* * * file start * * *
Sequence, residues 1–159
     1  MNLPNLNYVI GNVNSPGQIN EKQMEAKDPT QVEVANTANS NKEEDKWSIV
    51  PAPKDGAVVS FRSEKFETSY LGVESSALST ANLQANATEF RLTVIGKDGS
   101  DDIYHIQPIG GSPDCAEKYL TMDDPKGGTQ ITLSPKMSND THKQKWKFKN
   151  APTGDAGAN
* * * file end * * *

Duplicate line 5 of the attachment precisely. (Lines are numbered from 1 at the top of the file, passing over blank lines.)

   151  APTGDAGAN